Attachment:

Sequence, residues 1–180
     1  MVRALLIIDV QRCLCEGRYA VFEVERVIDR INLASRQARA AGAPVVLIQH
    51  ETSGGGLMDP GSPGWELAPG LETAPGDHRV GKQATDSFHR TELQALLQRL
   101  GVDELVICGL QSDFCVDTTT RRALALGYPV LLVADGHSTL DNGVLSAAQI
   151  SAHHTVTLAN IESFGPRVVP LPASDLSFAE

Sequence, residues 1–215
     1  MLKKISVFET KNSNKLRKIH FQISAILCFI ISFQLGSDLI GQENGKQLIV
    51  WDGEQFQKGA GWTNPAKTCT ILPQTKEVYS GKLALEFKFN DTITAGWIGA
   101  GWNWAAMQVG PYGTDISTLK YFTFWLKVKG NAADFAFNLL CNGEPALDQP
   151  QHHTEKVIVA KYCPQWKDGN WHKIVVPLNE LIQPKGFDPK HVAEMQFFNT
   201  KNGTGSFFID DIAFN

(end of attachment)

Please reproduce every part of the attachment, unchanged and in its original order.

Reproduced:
Sequence, residues 1–180
     1  MVRALLIIDV QRCLCEGRYA VFEVERVIDR INLASRQARA AGAPVVLIQH
    51  ETSGGGLMDP GSPGWELAPG LETAPGDHRV GKQATDSFHR TELQALLQRL
   101  GVDELVICGL QSDFCVDTTT RRALALGYPV LLVADGHSTL DNGVLSAAQI
   151  SAHHTVTLAN IESFGPRVVP LPASDLSFAE

Sequence, residues 1–215
     1  MLKKISVFET KNSNKLRKIH FQISAILCFI ISFQLGSDLI GQENGKQLIV
    51  WDGEQFQKGA GWTNPAKTCT ILPQTKEVYS GKLALEFKFN DTITAGWIGA
   101  GWNWAAMQVG PYGTDISTLK YFTFWLKVKG NAADFAFNLL CNGEPALDQP
   151  QHHTEKVIVA KYCPQWKDGN WHKIVVPLNE LIQPKGFDPK HVAEMQFFNT
   201  KNGTGSFFID DIAFN